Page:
Upcoming Changes to California Housing Laws – AB 1482 Tenant Protection Act
The Governor recently signed into law several housing-related bills adopted during the 2019-2020 state legislative session. At the start of the session, approximately 200 housing-related bills were introduced, mostly from Bay Area legislators. Many of these proposals were part of the “CASA Compact,” a multi-year, multi-stakeholder effort to address the housing crisis from a Bay Area regional standpoint. The CASA Compact framework is based around three principal outcomes: (1) production of housing at all levels of affordability; (2) preserving existing affordable housing; and (3) protecting vulnerable households from housing instability and displacement. At the end of the legislation session, about a dozen housing bills survived the process and ended up on the Governor’s desk. Ahead of the January 1, 2020 effective date for these bills, we will share you with the details behind some of the upcoming changes in housing law through a series of updates, with this first one focused on tenant protections.
Tenant Protection Act (AB 1482)
Assembly Bill 1482, introduced by Assemblyman David Chiu (D-San Francisco), will put two notable statewide tenant protections in place until the bill automatically sunsets on January 1, 2030: (1) extend just cause eviction protections to tenants living in residential properties not currently covered by just cause eviction laws; and (2) prohibit owners from increasing rent by more than 5%, plus the rate of inflation, or 10% (whichever is less) more than once per 12-month period for tenants who have occupied the same unit for more than 12 months.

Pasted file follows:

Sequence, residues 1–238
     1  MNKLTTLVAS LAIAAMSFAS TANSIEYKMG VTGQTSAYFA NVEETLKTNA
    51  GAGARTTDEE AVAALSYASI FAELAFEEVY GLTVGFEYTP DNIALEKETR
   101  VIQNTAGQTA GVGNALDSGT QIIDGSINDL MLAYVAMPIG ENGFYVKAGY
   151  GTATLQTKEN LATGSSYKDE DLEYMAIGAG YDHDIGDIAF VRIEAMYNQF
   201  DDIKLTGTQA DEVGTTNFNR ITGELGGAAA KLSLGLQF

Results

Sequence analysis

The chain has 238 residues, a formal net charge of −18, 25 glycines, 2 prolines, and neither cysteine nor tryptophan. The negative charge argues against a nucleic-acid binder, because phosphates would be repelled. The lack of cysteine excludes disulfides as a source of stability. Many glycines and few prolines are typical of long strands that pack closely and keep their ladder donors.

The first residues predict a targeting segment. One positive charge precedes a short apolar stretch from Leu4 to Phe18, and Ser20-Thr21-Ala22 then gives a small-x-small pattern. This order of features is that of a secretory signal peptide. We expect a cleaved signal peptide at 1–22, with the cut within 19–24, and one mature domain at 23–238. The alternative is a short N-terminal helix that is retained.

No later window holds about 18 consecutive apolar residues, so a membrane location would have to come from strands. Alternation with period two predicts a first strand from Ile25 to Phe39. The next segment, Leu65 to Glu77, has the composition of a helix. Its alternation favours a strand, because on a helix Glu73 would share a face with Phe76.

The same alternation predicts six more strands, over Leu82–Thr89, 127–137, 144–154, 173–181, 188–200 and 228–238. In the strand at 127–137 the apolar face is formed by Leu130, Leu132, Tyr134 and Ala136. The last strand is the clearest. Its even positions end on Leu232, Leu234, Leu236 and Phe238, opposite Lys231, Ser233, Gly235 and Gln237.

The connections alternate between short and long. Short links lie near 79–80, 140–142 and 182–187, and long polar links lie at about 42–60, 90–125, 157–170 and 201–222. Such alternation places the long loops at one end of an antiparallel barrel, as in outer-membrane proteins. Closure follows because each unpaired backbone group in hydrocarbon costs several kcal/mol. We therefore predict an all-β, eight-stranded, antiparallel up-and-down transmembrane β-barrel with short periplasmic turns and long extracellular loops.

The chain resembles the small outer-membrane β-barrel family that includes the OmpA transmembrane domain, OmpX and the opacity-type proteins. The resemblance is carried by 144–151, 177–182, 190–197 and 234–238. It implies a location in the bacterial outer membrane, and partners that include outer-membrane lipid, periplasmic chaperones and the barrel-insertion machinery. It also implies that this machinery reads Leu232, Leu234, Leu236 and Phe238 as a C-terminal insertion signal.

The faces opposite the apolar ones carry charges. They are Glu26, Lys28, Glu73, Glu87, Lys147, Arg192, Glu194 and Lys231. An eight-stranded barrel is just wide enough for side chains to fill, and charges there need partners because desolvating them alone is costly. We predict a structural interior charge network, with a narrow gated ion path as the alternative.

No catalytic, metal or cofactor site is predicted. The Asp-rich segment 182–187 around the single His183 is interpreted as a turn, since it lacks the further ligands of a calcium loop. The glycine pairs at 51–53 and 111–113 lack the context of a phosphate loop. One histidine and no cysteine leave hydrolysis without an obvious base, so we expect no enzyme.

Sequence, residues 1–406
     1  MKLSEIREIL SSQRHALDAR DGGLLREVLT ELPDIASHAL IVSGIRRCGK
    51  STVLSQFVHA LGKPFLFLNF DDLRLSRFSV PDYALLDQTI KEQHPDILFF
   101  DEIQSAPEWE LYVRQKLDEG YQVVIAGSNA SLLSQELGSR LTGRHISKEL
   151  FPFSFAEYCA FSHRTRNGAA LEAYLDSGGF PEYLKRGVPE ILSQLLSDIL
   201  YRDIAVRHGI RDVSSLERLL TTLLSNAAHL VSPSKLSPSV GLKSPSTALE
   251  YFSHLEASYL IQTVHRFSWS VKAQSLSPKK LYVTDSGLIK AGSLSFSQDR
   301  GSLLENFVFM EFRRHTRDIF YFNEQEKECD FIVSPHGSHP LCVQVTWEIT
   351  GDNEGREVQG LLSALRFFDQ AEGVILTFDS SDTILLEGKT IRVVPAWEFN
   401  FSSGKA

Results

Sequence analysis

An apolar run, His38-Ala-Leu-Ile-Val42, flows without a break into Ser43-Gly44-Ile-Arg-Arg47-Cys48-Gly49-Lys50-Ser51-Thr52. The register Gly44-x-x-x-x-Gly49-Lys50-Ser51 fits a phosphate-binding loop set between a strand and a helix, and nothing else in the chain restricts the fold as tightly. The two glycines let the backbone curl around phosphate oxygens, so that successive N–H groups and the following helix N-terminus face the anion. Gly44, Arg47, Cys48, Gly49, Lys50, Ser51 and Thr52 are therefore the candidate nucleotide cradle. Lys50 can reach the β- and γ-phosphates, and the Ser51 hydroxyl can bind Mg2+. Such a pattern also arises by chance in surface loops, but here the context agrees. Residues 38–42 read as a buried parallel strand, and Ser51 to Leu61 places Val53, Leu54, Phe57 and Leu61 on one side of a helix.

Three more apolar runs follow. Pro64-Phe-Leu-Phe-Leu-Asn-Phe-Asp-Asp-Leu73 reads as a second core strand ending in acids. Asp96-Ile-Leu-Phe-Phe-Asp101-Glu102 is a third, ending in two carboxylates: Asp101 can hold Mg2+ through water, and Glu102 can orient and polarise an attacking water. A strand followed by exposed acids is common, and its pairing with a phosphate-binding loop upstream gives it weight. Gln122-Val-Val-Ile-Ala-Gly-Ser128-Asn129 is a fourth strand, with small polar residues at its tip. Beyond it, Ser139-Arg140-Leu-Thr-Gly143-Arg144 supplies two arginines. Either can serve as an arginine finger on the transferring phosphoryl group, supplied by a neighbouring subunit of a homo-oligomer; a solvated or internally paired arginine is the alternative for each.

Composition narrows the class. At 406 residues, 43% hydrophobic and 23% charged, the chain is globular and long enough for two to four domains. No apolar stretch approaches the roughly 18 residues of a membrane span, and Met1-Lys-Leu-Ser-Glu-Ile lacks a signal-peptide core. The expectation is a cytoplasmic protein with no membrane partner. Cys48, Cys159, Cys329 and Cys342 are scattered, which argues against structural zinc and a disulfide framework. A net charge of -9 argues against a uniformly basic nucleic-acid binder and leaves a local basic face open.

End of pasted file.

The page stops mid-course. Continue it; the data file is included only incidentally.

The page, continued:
Just Cause Eviction Protections
Currently, fewer than 20 jurisdictions within California have just cause eviction laws in place. In the absence of a local rent control ordinance or a fixed-term lease, landlords are permitted to terminate a tenancy unilaterally without stating a reason, and are only subject to advanced notice (30 days for tenants who have occupied the premises for less than one year, or 60 days for tenants who have occupied the premises for one year or more).
AB 1482 will prohibit landlords from terminating a residential tenancy without just cause and providing written notice of the just cause if a tenant has occupied the property for at least 12 months. “Just cause” includes either “at-fault just cause” or “no-fault just cause.”
At-fault just causes include, but are not limited to:
- default in payment of rent;
- a breach of a material term of the lease;
- criminal activity by the tenant on the residential real property;
- assigning or subletting the premises in violation of the tenant’s lease; or
- using the premises for an unlawful purpose.
No-fault just causes include, but are not limited to:
- intent by the property owner (or the owner’s spouse, domestic partner, children, grandchildren, parents, or grandparents) to occupy the residential property (owner move-in eviction);
- withdrawal of the residential real property from the rental market; or
- intent to demolish or to substantially remodel the residential real property.